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Behind Enemy Lines 2014: Buccaneers Edition

The Redskins on Sunday take on the Tampa Bay Buccaneers at FedExField.'s Scott Smith (@ScottSBucs on Twitter) gives us an insider's look at the major storylines for the opposing team heading into the matchup. Yes, the Buccaneers are 1-8 at this point of the season, but with the way the NFC South has been this year, they are only three games away from first-place New Orleans (4-5). Because of this, is there still optimism in Tampa that, if they can make a little run, the Buccaneers have no reason to essentially give up on the 2014 season?

Smith: "Mathematically, that's accurate. Three games to make up with seven to go, and two of those seven are against division opponents…that's not an easy task, but it's not insurmountable. I can tell you that Lovie Smith says something to this effect every week, and it's clear that he means it. Give up on the season? I just don't think most football coaches are wired that way.

Now, as for "optimism in Tampa," I suppose that depends upon exactly where you are in Tampa. There remains optimism inside One Buccaneer Place, and especially in the locker room. This is a team that truly believes it is better than its record indicates, and senses that it is thisclose to having it all come together. It is a feeling similar to what infected old One Buccaneer Place back in 1996, Tony Dungy's first year at the helm. That team, too, started 1-8 but stayed the course and it came together in the second half, with five wins in the last seven weeks (one of them against the Redskins, by the way…I'm not saying, I'm just saying…).

Lovie Smith was the linebackers coach on that team; it's where his NFL career started. Now, Lovie is his own man, so there's no need to beat the Tony Dungy connection to death. The matching 1-8 records from 1996 and 2014 are mere coincidence, not some kind of DNA-level connection. But the promise of this team feels the same. The best possible record for the Buccaneers now is 8-8, and I'm not sure I would pick any team, including the Broncos or Cardinals to win all of their remaining games. So the playoffs still seem quite unlikely, but the Buccaneers have definitely not given up.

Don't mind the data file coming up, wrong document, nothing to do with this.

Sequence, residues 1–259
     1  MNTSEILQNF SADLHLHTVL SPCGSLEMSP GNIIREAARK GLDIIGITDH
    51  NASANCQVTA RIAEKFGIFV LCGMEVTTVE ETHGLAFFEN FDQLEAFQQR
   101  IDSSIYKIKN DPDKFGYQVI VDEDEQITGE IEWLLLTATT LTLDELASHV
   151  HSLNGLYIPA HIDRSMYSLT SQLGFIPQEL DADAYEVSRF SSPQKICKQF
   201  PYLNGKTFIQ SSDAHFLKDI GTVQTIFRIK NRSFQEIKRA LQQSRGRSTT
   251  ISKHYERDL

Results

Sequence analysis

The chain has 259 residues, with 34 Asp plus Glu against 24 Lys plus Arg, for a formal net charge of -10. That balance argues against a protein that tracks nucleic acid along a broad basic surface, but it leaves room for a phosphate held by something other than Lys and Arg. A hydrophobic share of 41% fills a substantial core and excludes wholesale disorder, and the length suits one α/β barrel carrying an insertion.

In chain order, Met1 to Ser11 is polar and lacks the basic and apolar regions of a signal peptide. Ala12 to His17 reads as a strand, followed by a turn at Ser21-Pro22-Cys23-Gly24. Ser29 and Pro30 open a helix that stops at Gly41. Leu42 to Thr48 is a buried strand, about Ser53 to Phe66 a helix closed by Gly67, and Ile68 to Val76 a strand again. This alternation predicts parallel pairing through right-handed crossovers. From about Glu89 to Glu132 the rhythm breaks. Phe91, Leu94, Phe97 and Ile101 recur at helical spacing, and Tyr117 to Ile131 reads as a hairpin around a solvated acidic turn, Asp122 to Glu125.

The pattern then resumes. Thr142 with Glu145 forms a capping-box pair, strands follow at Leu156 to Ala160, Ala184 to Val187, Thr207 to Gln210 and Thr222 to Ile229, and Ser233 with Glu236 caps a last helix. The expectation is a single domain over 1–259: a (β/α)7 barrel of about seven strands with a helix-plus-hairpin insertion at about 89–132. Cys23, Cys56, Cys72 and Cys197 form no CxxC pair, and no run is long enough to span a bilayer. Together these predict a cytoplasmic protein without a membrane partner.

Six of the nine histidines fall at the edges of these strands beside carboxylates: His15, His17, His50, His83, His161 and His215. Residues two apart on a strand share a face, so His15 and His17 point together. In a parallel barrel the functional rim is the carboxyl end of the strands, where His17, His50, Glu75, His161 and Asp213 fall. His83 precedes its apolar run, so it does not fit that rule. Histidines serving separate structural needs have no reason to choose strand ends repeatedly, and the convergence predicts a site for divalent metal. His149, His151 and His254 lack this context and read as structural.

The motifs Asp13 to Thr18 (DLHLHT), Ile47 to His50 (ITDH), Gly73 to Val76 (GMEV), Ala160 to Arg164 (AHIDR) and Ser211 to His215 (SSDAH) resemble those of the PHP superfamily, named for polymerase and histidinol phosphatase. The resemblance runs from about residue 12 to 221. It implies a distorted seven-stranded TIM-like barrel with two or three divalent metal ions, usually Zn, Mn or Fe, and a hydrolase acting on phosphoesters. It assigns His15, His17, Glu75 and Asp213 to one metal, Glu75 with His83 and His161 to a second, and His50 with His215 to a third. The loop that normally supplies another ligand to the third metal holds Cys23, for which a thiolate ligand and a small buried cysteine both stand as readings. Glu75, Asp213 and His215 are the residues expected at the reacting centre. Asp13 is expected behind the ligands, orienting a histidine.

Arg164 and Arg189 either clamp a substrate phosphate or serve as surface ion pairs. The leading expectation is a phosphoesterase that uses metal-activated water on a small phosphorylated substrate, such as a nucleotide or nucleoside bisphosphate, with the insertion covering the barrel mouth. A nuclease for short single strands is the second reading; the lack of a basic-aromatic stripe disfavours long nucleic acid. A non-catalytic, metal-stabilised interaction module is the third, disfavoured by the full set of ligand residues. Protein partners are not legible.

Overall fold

Now, if you happen to be on the outside looking in, you probably don't put as much stock in that math. It is certainly fair to say that, while the Buccaneers are still in it, a team doesn't get to 1-8 because it is a playoff contender. The reaction to Lovie Smith going back to veteran quarterback Josh McCown as the starter, for instance, was mixed in the local media, with some believing the proper course of action was to use the rest of the year evaluating the younger, less proven option, Mike Glennon. That motive, however, is not even on Lovie's radar. He's trying to win football games and basing his lineup decisions solely on that goal." Smith did a whole lot of winning as the Chicago Bears head coach. Although the team obviously hasn't gotten off to the start he or anybody else would've liked, what has Smith brought to the Buccaneers' culture overall? Is the organization optimistic that Smith can add his winning ways to the franchise sooner rather than later? Smith:"Lovie Smith said earlier this week that going 1-8 "wasn't part of the master plan." The Buccaneers brought in a new head coach and a new general manager, and that kind of overhaul can bring with a transition period. So, while it's not necessarily what the team expected in 2014, a "reset" season, if you will, isn't terribly surprising.

A look back at some of the top images in games between the Washington Redskins and Tampa Bay Buccaneers.

That said, Smith and Licht made a series of roster moves in their first offseason together that were based on the belief that the Buccaneers could contend immediately. Signing McCown, a known-commodity veteran, to a two-year contract was the most obvious one. Some key injuries haven't helped (and the Bucs are certainly not the only team that can say that), but some depth chart inadequacies have revealed themselves along the way. The trade of young safety Mark Barron at the deadline is a sign that Smith and Licht are still reshaping the roster to fit their master plan.

Is there still optimism and belief in Lovie Smith. Oh, yes, without a doubt. As you said, he's a proven winner in this league and he has brought a sense of stability to a franchise that needed it. I personally believe Lovie Smith is going to be the head coach of the Buccaneers for a long time – and for the remainder of his NFL career, as is his stated desire – and that the winning is going to come, as you say, sooner rather than later." quarterback Josh McCown got emotional after the team's tough loss to the Atlanta Falcons on Sunday. He did his part to help Tampa Bay win the game, but it just wasn't in the cards. Why do you believe he was so distraught?

Smith: "The Buccaneers haven't won a game in front of the home fans yet this season. They have lost five games in which they had a lead at some point in the fourth quarter. Many of these players desperately want to show the home crowd what they believe this team is capable of, and I think the frustrations have been building up for a lot of them. As fans, we rarely see the raw emotions of the players after games, but they are definitely there, win or lose. McCown's passion for the game and for the Buccaneers was showing there, but believe me, he's a rock in the locker room and he was right back to work on Monday morning, that game on Sunday behind him.